Wednesday, 10 January 2007

World Social Forum: 20th - 25th of January

Just a week and a half to go before the World Social Forum! This is your final opportunity to give me your requests for anything you’d like me to find out there (for more information on the WSF, see the posting called "The Plan", further down this page, and the latest programme at

Here’s my current list of missions:

  • Make contact with youth and student movements from around the world, and find out if they’d like to make links with UK student activists via People and Planet (;
  • Similarly, look out for anyone working on the environmental performance of higher education;
  • Learn more about the perspectives of activists and social movements from the Global South in relation to climate change issues. How do different Southern activists view the international climate negotiations and the efforts of campaigners in wealthier countries who are trying to tackle these issues?
  • Make links with people who are fighting against polluting, oppressive and unfair practices by British companies around the world (probably with a particular focus on oil companies). How can UK campaigners (especially members of the People and Planet network) best support their struggles?

…as well as trying to do some sort of analysis of the whole WSF process and keeping you all updated via the miracle of bloggery. But just in case that isn’t enough to keep me busy, do let me know if there’s anything I can find out for your own campaigns/research/random pointless whims.

Have you ever wished you could rule over Europe with an iron fist, issuing continent-wide dictats on everything from trade to agriculture to household appliances? Well now you can, thanks to the BBC’s new climate change policy game! YOU are the President of the “European Nations”, and have to try to meet carbon reduction targets whilst still pursuing the impossible myth of endless economic growth. Will YOU choose the right policy options to tackle climate change without losing public support or threatening the overarching market-based economic paradigm? Will you win over the rest of the world with your ground-breaking eco-policies, or just screw the planet and try to stage the Olympics on the moon? YOU decide, at:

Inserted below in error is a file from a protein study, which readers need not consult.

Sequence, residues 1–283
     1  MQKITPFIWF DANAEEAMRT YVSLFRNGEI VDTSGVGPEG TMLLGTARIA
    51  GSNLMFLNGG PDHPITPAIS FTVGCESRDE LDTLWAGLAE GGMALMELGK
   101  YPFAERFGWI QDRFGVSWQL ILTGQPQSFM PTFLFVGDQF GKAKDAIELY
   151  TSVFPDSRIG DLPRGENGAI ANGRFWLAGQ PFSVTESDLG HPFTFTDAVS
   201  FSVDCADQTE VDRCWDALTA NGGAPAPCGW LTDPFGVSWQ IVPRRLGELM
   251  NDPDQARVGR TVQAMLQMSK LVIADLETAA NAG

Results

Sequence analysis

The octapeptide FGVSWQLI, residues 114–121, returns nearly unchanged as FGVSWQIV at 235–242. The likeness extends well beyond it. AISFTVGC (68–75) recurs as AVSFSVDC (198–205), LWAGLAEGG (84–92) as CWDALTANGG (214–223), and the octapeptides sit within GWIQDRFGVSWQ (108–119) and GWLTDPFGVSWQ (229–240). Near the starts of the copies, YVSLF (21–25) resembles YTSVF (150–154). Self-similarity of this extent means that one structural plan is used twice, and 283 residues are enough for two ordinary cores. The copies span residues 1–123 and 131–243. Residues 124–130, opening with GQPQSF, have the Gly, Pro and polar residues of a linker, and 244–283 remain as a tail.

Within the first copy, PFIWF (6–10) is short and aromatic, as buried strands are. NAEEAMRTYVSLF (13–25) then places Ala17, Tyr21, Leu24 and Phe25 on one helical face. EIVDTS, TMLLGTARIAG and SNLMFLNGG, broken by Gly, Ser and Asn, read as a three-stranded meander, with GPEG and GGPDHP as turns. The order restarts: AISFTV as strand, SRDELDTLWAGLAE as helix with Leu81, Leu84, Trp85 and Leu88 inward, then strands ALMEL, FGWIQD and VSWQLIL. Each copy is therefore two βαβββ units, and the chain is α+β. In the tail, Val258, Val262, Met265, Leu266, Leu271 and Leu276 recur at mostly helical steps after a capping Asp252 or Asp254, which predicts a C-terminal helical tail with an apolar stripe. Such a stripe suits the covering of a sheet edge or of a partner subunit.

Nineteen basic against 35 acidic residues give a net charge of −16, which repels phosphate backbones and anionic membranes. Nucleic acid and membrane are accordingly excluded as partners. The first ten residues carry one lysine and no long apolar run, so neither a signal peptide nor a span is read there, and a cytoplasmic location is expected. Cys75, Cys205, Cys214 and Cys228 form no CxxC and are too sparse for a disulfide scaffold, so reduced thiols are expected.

Is it a useful awareness-raising tool, a massive oversimplification based on dubious assumptions and unrealistic scenarios, or just a bit of fun? I’d be interested in your thoughts. In any case, I do have to admit that I enjoyed playing it, partly for the catharsis (“Yes! Yes! Ban stand-by mode! Invest in wind farms! Tax aviation fuel! Hahahaaaa!”) and partly for the sheer megalomaniacal joy of serving a seventy-year term of office (“Why, yes, I think I WILL stand for another decade in power; the people need me and my bizarre policies on nuclear fusion and retirement at 80”). Plus, I do like the way that, as a world leader, you can only persuade the rest of the world to set carbon reduction targets if you’re willing to set – and meet – targets of your own. Rather than, for example, stating that climate change is the greatest challenge facing the planet and then declining to do much about it because, you know, people like cheap flights and big cars so what can you do? Hey, don’t worry, it’ll mostly be poor people that die, plus some pointless plants and animals that were just cluttering the place up anyway, and there’ll still be enough of the USA above water for me to do some really great highly-paid speaker tours about international diplomacy and peacekeeping. Look at my big legacy! Wheeeeeeeeeee!

Sorry, not sure where that came from.

I’ll try to do another entry (hopefully with fewer rambling tangents) before I set off next week.

Have fun everyone,


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